The trial of an Irish teenager who has been detained for over 700 days without trial was postponed Sunday, for the eighth time. It has been rescheduled to 4 October.
The 19-year-old, Ibrahim Halawa, was arrested in August 2013 during protests in support of former president Mohamed Morsi at the Al-Fateh Mosque in Cairo’s Ramses area. He has been detained alongside 493 other defendants, who face mass trial on charges of murder and attempted murder for their alleged role in violence at the protests.
Halawa entered a hunger strike in June for the second time during his nearly two-year-long detention, despite worsening health conditions, although it is unknown if he remains on hunger strike.
Since his arrest, he has been held in pre-trial detention, a controversial process in the Egyptian legal system. It has been frequently criticised by rights group as a tool to pressure anti-government activists to confess to alleged crimes.
Lawyer Mokhtar Mounir, who works with the Association for Freedom of Thought and Expression (AFTE), previously told Daily News Egypt: “After the latest legislative amendments passed by the cabinet, now the number of days in which a person can be held in detention before a trial is unlimited, which is unconstitutional.”
At the time of his arrest during the protest, there was an exchange of fire between security forces and others at the outer areas of the mosque, after which security forces mass arrested protesters. During the protest, in which at least 97 people died, Halawa was taking refuge with his three sisters in Al-Fateh mosque – they were all arrested, but his sisters were later released.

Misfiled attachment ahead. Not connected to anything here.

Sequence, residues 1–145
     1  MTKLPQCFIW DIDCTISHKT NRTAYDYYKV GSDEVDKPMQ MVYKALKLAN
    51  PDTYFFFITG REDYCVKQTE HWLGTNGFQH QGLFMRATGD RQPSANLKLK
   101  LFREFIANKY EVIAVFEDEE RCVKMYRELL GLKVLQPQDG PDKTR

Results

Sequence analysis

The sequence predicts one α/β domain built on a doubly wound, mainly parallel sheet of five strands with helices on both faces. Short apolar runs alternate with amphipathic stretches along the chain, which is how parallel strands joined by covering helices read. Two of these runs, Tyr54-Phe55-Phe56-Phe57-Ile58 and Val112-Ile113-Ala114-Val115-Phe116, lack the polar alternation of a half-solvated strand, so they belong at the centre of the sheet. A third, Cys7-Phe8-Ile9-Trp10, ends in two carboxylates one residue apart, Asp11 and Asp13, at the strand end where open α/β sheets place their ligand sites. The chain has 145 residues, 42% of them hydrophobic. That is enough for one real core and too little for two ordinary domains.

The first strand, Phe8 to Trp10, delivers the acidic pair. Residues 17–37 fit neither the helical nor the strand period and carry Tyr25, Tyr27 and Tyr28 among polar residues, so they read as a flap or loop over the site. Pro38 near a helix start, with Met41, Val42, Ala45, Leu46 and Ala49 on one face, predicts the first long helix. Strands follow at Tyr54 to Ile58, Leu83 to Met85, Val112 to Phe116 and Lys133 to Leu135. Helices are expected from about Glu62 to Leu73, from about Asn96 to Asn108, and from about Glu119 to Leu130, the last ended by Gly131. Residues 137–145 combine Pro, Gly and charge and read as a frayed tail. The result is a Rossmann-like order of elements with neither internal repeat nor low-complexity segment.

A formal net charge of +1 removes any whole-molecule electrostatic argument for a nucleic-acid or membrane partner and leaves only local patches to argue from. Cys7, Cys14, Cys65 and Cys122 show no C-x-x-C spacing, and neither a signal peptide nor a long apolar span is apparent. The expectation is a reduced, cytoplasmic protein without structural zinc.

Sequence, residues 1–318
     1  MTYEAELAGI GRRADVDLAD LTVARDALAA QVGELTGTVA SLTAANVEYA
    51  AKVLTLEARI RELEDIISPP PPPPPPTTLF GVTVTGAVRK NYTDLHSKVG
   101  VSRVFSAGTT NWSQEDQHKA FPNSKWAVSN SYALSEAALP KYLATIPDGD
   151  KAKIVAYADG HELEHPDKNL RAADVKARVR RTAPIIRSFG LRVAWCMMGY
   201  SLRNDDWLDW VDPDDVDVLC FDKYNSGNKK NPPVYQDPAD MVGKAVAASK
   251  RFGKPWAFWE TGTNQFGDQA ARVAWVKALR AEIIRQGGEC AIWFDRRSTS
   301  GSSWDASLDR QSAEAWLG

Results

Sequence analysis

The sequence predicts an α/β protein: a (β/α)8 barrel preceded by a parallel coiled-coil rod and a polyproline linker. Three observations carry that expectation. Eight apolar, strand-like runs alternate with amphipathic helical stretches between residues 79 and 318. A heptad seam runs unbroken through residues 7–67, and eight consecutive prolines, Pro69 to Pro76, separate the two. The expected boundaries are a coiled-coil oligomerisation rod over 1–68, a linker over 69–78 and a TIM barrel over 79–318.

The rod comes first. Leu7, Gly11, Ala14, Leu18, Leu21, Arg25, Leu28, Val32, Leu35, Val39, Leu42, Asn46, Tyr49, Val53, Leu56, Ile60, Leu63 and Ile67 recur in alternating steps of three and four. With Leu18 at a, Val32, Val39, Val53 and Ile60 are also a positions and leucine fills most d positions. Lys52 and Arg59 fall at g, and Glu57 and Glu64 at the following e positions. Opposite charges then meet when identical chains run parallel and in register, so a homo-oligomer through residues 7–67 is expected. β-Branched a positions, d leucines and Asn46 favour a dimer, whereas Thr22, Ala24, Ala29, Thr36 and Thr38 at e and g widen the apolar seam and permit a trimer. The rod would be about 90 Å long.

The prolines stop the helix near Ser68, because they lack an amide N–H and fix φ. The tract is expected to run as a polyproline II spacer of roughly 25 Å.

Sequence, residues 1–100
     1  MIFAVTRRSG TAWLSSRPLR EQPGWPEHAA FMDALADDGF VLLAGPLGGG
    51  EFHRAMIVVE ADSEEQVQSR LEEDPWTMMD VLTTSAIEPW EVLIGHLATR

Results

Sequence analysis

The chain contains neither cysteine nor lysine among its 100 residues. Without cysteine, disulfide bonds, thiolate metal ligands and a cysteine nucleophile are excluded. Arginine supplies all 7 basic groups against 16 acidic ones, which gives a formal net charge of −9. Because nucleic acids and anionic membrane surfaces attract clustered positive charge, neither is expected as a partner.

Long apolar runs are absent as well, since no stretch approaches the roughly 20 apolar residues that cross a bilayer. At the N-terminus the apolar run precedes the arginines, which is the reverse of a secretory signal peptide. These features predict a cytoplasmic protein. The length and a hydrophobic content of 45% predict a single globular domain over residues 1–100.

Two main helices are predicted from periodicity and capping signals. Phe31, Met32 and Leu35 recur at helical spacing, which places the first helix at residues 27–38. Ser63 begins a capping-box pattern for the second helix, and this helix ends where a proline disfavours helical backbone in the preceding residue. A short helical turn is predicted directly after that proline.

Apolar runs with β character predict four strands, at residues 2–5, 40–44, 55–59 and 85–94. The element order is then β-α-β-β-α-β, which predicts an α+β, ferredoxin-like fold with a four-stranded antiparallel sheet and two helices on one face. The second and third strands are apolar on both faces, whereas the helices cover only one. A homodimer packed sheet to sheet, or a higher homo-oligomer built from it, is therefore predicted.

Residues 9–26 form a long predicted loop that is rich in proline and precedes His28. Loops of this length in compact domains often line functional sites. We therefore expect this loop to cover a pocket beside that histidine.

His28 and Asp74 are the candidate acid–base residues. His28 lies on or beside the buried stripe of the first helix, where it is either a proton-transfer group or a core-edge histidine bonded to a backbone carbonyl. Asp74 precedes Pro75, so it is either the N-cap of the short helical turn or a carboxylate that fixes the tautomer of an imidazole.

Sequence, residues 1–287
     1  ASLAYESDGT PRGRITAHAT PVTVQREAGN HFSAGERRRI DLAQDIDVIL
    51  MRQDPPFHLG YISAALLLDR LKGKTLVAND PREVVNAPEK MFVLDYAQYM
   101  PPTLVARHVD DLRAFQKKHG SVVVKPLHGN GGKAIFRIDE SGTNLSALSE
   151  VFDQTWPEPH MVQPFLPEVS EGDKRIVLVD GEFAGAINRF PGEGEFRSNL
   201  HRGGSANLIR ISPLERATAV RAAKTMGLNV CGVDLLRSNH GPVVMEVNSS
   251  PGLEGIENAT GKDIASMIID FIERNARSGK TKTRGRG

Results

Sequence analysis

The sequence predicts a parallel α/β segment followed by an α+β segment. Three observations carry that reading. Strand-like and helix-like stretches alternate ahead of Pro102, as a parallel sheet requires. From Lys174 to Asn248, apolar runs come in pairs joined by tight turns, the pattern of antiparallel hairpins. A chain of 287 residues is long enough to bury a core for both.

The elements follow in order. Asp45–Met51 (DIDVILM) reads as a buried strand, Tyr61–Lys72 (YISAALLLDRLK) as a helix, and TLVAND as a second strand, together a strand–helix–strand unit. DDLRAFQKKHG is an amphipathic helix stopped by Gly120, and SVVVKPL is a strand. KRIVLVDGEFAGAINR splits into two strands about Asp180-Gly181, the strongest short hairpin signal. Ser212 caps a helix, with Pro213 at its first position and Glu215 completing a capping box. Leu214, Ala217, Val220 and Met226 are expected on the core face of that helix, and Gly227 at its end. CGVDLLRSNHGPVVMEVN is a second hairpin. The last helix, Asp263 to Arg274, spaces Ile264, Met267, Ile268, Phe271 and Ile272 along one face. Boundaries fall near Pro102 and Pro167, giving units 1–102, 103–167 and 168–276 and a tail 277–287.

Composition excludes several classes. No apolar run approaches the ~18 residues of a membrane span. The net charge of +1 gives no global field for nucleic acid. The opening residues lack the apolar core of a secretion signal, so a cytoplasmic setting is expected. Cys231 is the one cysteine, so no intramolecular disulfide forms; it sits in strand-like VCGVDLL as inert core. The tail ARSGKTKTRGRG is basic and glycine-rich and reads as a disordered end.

However, Amnesty International holds that the research they undertook proves it would be impossible that many of the arrested protesters could have fired at security forces, as they were locked inside an inner part of the mosque.
The international rights group claims that, of the over 100 witnesses due to be called in the trial, the majority are police officers or government officials. Halawa’s legal representatives, London-based law firm Doughty Street Chambers, have said that there is no evidence to link Halawa to any of the crimes he is accused of.
In recent comments to the Irish press, Egypt’s ambassador to Ireland said that the government cannot intervene while the case is before the courts, due to separation of powers. He added that after the trial, there may be “room” for talking about the teenager’s return depending on the nature of the final charges.
In June, the Irish Foreign Ministry said it is seeking to acquire a presidential pardon for Halawa, but only after the trial ends, with Prime Minster Enda Kenny saying: “I cannot interfere in the Egyptian legal system.”
In April, Irish Foreign Minister Charles Flanagan took up Halawa’s case with Egyptian counterpart Sameh Shoukry on the sidelines of a United Nations conference in New York. The meeting between the two ministers came a day after the young Irishman was refused bail, with Flanagan expressing his “disappointment” to Shoukry over the refusal.
Halawa has been designated a ‘prisoner of conscience’ by Amnesty International, who warns that, if convicted, he could face the death penalty. They have also highlighted the worrying mental effects on the 19-year-old, who is believed to be held in the same area as prisoners sentenced to death in Tora Prison. His family have called on the Irish government to put more pressure on Egyptian authorities.